Case Study Highlights
- Daily updates for two weeks
- Over 3,000 subscribers
- 53% open rate
- 264% email list growth
The Anchorage Daily News is a 28,000 circulation paper out of Anchorage, Alaska. One of the state’s biggest events is the Iditarod Trail Sled Dog Race. This is an annual long-distance sled dog race from Anchorage to Nome, entirely within the state of Alaska.
When we launched our Iditarod email newsletter in 2018 it was, essentially, a daily list of our latest Iditarod stories pulled from an RSS feed. This year, after experimenting with a pop-up, short-term newsletter for a series we did in the fall, we wanted to know if a curated daily newsletter could yield better engagement results.
We were in the middle of a push to revamp how we do our newsletters and wanted to test the industry trend of limited-series newsletters. The Iditarod usually lasts around fifteen days, with a winner declared in eight or nine days. It seemed to be an ideal coverage area where we could experiment with different approaches without having a long-term commitment.
We set four goals for the campaign:
- 50% growth in the number of Iditarod newsletter subscribers
- Above-average open rates compared to our other newsletters
- Above-average click rates compared to our other newsletters
- One hour (or less) a day spent on newsletter production
We embedded the newsletter sign-up widget at the bottom of every Iditarod story and encouraged sign-ups on social media. Four days before the race kicked off, we launched a sweepstakes contest: Users who signed up for our newsletter were entered to win a print of one of our staff Iditarod photos. We promoted the giveaway in ads on our site which drove 323 sign-ups for the newsletter.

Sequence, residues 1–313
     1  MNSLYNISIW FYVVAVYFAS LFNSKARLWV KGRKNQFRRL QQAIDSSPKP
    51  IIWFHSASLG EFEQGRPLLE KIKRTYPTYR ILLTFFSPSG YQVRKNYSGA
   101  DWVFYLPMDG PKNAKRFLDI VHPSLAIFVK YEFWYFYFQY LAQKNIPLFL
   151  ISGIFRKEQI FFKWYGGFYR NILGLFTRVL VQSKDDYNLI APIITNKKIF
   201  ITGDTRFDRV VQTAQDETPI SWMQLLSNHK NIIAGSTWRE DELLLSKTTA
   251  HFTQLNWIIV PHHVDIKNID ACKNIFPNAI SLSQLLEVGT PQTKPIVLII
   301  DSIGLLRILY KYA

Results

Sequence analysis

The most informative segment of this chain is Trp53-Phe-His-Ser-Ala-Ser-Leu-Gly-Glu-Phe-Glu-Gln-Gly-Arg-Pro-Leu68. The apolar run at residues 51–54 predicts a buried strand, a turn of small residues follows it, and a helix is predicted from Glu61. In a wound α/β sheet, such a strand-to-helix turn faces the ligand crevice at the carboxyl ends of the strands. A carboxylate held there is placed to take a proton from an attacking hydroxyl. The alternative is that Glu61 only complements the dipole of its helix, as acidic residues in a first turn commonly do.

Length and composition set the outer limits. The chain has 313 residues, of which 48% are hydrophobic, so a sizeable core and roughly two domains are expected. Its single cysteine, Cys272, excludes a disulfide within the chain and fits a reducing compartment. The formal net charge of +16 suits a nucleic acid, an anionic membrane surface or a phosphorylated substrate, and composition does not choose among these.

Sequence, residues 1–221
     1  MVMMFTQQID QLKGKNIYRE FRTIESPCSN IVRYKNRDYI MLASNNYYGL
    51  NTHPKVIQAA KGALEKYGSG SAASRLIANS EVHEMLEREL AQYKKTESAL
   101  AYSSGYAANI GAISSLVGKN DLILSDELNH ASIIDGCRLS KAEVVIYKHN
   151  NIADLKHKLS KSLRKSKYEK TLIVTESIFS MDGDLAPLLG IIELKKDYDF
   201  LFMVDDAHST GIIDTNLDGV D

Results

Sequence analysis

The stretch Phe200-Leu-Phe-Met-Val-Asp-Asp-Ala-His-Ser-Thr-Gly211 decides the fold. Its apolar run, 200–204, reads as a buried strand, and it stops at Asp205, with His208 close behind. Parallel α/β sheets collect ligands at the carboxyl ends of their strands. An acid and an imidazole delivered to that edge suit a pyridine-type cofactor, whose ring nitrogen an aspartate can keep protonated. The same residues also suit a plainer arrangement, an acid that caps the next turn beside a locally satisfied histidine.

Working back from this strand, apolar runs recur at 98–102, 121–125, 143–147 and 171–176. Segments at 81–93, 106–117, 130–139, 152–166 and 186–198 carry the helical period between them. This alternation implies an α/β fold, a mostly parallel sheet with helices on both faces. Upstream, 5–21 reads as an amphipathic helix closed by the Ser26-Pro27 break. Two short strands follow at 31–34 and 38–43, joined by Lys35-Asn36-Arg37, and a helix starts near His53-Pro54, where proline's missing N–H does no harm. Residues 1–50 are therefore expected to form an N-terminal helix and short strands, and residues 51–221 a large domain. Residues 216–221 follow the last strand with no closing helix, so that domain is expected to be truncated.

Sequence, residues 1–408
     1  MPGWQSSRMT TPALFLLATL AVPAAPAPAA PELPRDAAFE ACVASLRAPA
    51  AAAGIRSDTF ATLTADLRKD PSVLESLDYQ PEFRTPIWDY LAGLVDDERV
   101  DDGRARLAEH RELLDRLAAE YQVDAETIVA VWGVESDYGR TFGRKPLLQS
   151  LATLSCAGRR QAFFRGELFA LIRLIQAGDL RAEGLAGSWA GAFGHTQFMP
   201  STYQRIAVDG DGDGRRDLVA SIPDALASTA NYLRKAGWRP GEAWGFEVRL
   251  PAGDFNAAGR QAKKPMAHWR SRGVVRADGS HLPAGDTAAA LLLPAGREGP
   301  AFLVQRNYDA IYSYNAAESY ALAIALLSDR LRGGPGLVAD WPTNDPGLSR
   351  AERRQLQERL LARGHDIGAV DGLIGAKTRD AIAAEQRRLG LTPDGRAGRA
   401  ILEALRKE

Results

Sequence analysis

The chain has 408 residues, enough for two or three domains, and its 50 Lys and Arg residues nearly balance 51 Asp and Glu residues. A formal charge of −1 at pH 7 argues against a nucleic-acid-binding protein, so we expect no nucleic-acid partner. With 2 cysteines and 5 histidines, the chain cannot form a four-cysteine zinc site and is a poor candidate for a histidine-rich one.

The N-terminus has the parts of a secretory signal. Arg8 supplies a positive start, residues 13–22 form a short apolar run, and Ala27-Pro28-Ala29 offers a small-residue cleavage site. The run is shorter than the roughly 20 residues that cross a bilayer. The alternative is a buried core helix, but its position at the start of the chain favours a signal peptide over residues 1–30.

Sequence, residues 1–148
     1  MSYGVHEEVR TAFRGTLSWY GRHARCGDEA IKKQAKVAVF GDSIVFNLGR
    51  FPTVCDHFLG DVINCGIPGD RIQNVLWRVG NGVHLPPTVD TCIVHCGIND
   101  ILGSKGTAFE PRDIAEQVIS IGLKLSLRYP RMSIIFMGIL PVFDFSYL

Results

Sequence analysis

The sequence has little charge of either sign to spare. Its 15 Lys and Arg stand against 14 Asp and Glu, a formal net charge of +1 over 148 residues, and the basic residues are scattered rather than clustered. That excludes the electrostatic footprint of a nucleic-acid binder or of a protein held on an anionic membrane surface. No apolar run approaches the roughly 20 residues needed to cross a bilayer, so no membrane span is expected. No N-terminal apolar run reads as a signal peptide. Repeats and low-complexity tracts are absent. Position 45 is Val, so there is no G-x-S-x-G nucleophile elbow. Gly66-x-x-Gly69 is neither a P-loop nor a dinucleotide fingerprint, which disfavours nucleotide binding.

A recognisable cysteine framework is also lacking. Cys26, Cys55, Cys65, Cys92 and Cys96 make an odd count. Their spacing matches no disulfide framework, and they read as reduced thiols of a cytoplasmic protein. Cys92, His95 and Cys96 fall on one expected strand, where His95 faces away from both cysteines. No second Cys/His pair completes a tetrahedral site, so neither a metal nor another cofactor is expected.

Our newsletter coverage ran from Feb. 25 to March 20, and we sent daily updates from March 1-13. Each daily email consisted of a three or four-paragraph introduction, a list of blurbs with links to different stories, multiple photos from the race, and a reader Q&A.
The content of the pop-up newsletter itself was really strong. We were telling unique stories and capturing images/video from the trail that none of our competitors would have. Our editorial team wrote the newsletter in a voice very different from our traditional institutional one.
We devoted a section of the newsletter to answering reader questions submitted through a form on our site. That (plus some behind-the-scenes tidbits) was content exclusive to the newsletter that wasn’t posted anywhere on our website.
We tried to send out the newsletter around midday, highlighting freshly published stories. Knowing that many Iditarod readers don’t live in Alaska, we strove to send emails at a time that would reach as many people during the daytime as possible.
Our decision to produce a curated Iditarod newsletter this year came pretty late in the planning process, and we weren’t able to find a sponsor for it in time. We would love to have a local business sponsor the Iditarod newsletter next year. The audience is there, and they’re highly engaged and invested in our coverage.
What happened with our 2019 Iditarod newsletter far surpassed our expectations. In just the two weeks the newsletter ran, it was our highest-engaged newsletter, with an average open rate of 53% and an average click rate of 19%. It generated about 16,000 website sessions, and users who visited our site through the newsletter on average had a lower bounce rate, longer average session time, and higher pages/session average than all site users overall.
Newsletter production did exceed an hour per day, but as we were able to do it in pieces throughout the day, the impact was manageable.
We started with a list of 979 newsletter subscribers carried over from last year’s feed-driven newsletter. We ended with 3,563 subscribers after the 2019 race was over. That’s an increase of 2,584 subscribers, or 264% growth, over the course of a month.
As we prepare for our Iditarod newsletter campaign next year, we already have plans to improve. We’re planning on doing more to promote the newsletter before the race begins and collect more reader suggestions and questions in advance. We also plan to leverage more cross-promotion between newsletter audiences.
After we launched this year’s Iditarod pop-up newsletter, it really felt like we had created our own Iditarod super fan community, and it was a pleasure to be part of the conversation.